Major depressive disorder

Adults: Initially, apply 6 mg/24 hours patch; increase in dose increments of 2 mg/24 hours up to a maximum dose of 12 mg/24 hours at intervals of no less than two weeks, if needed.

Off-label uses

• Initial therapy for Parkinson's disease

• Alzheimer's disease

• Narcolepsy

• Adjunct in schizophrenia


• Hypersensitivity to drug or its components

• Concurrent meperidine therapy


Use cautiously in:

• patients receiving tricyclic antidepressants (TCAs), selective serotonin reuptake inhibitors (SRRIs), or dextromethorphan, carbamazepine, and analgesics such as tramadol, methadone, and propoxyphene

• patients with pheochromocytoma

• elderly patients

• pregnant or breastfeeding patients

• children.


• Give orally disintegrating tablets in the morning before breakfast; don't give food or liquid 5 minutes before and after administration.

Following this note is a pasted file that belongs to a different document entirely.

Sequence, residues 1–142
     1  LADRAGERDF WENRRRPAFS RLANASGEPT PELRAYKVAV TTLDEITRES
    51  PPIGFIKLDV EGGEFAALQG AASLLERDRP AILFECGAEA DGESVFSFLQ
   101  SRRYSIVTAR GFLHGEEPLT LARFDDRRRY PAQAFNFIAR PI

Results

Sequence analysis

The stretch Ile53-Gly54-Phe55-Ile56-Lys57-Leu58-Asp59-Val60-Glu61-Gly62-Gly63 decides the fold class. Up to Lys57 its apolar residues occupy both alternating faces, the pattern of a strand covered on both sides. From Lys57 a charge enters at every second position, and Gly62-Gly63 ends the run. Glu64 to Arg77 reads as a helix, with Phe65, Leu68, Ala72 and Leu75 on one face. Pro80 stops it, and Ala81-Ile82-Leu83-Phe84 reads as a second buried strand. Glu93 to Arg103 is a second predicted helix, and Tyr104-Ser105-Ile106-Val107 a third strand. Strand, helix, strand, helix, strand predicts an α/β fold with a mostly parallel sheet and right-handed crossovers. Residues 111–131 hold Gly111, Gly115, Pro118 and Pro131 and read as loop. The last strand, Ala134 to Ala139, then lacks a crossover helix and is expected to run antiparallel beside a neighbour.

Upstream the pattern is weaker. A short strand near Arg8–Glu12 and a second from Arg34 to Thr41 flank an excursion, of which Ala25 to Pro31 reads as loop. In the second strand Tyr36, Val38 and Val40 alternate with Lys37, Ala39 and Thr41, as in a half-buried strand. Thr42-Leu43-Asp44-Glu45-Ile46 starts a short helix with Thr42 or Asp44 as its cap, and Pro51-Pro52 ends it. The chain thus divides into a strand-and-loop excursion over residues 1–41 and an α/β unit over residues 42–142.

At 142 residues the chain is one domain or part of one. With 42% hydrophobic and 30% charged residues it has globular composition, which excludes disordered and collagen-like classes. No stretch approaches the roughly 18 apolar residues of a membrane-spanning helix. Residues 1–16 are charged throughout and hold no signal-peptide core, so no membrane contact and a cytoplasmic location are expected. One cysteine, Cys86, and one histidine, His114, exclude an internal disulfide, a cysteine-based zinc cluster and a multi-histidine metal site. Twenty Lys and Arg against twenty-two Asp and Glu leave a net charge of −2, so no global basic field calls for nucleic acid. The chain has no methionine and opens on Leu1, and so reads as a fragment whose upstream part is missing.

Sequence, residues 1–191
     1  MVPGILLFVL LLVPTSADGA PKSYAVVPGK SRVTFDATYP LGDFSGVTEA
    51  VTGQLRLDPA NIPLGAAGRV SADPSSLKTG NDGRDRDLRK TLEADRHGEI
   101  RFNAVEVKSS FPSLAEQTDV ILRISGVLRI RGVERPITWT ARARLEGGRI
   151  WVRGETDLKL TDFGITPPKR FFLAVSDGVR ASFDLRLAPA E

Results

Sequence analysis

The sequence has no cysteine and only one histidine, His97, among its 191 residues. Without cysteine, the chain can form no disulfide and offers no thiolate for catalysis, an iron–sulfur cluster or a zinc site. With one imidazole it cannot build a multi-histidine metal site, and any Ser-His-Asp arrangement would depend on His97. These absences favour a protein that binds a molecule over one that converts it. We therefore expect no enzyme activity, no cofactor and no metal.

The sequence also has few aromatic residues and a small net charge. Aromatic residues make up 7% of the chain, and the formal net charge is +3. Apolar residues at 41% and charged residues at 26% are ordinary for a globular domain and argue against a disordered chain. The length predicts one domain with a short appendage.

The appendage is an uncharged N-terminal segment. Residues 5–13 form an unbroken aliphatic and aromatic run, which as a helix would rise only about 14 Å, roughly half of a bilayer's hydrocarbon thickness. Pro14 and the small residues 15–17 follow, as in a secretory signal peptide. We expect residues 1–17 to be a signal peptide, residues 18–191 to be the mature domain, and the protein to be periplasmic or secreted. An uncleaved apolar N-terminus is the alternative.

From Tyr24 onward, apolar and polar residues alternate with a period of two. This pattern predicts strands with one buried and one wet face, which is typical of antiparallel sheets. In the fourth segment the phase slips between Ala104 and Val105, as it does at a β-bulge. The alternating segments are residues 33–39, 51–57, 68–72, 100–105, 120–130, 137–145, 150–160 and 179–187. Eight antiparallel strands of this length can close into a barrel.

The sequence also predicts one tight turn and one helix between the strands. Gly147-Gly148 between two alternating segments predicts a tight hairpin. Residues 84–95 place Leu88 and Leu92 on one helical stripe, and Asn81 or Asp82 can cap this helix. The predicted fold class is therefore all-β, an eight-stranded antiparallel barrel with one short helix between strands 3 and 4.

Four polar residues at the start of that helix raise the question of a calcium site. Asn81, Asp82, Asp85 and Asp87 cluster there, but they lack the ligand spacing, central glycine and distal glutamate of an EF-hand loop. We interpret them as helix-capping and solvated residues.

• Give capsules or regular tablets with breakfast and lunch, but restrict foods high in tyramine (such as aged cheese, red wine, yogurt, and smoked high-protein foods).

Don't give within 14 days of TCAs or SSRIs (5 weeks for fluoxetine because of its long half-life).

• Apply patch to dry, intact skin on the upper torso (below the neck and above the waist), upper thigh, or the outer surface of the upper arm once every 24 hours.

Adverse reactions

CNS: agitation, anxiety, bradykinesia, chorea, confusion, delusions, depression, dizziness, hallucinations, headache, dyskinesias, increased akinetic involuntary movements, insomnia, lethargy, light-headedness, loss of balance, syncope, vivid dreams